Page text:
Building the Case for Localized Approaches to HIV: Structural Conditions and Health System Capacity to Address the HIV/AIDS Epidemic in Six US Cities
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Since the discovery of the secondary preventive benefits of antiretroviral therapy, national and international governing bodies have called for countries to reach 90% diagnosis, ART engagement and viral suppression among people living with HIV/AIDS. The US HIV epidemic is dispersed primarily across large urban centers, each with different underlying epidemiological and structural features. We selected six US cities, including Atlanta, Baltimore, Los Angeles, Miami, New York, and Seattle, with the objective of demonstrating the breadth of epidemiological and structural differences affecting the HIV/AIDS response across the US. We synthesized current and publicly-available surveillance, legal statutes, entitlement and discretionary funding, and service location data for each city. The vast differences we observed in each domain reinforce disparities in access to HIV treatment and prevention, and necessitate targeted, localized strategies to optimize the limited resources available for each city’s HIV/AIDS response.
KeywordsHIV Health system Policy Epidemiology
We acknowledge Jeong Eun Min and Emanuel Krebs for their early work in collecting information for this manuscript.
The Localized HIV Modeling Study Group is comprised of: Carlos Del Rio, MD, Hubert Department of Global Health, Emory Center for AIDS Research, Rollins School of Public Health of Emory University; Julia C Dombrowski, MD, Department of Epidemiology, University of Washington; Daniel J Feaster, PhD, Biostatistics Division, Department of Public Health Sciences, Leonard M. Miller School of Medicine, University of Miami; Kelly A Gebo, PhD, Bloomberg School of Public Health, Johns Hopkins University; Matthew R Golden, MD, Division of Allergy and Infectious Diseases, Department of Medicine, University of Washington; Reuben M Granich, MD, International Association of Providers of AIDS Care; Thomas Kerr, PhD, BC Centre for Excellence in HIV/AIDS; Faculty of Medicine, University of British Columbia; Gregory D Kirk, PhD, Bloomberg School of Public Health, Johns Hopkins University; Brandon DL Marshall, PhD, Department of Epidemiology, Brown School of Public Health, Rhode Island, United States; Shruti H Mehta, PhD, Bloomberg School of Public Health, Johns Hopkins University; Lisa R Metsch, PhD, Department of Sociomedical Sciences, Mailman School of Public Health, Columbia University; Julio S Montaner, MD, BC Centre for Excellence in HIV/AIDS; Faculty of Medicine, University of British Columbia; Bohdan Nosyk, PhD, BC Centre for Excellence in HIV/AIDS; Faculty of Health Sciences, Simon Fraser University; Bruce R Schackman, PhD, Department of Healthcare Policy and Research, Weill Cornell Medical College; Steven Shoptaw, PhD, Centre for HIV Identification, Prevention and Treatment Services, School of Medicine, University of California Los Angeles; William Small, PhD, BC Centre for Excellence in HIV/AIDS; Faculty of Health Sciences, Simon Fraser University; Steffanie A Strathdee, PhD, School of Medicine, University of California San Diego.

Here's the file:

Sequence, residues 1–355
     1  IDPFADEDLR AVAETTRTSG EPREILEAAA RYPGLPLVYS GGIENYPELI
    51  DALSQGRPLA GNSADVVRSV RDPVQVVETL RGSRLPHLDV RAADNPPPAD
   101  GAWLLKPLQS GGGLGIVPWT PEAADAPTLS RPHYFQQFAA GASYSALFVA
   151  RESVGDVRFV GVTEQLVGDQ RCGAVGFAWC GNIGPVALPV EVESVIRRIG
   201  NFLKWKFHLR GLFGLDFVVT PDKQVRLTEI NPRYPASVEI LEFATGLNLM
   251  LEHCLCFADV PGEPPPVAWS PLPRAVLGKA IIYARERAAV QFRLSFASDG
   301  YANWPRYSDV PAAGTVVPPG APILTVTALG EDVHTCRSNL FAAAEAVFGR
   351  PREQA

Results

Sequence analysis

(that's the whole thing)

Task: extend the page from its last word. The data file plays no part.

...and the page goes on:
This study was funded by the National Institute on Drug Abuse (R01-DA041747); and the National Institute on Drug Abuse (P30DA040500).
Compliance with Ethical Standards
Conflict of interest
The authors declare that they have no conflict of interest.
This article does not contain any studies with human participants or animals performed by any of the authors.
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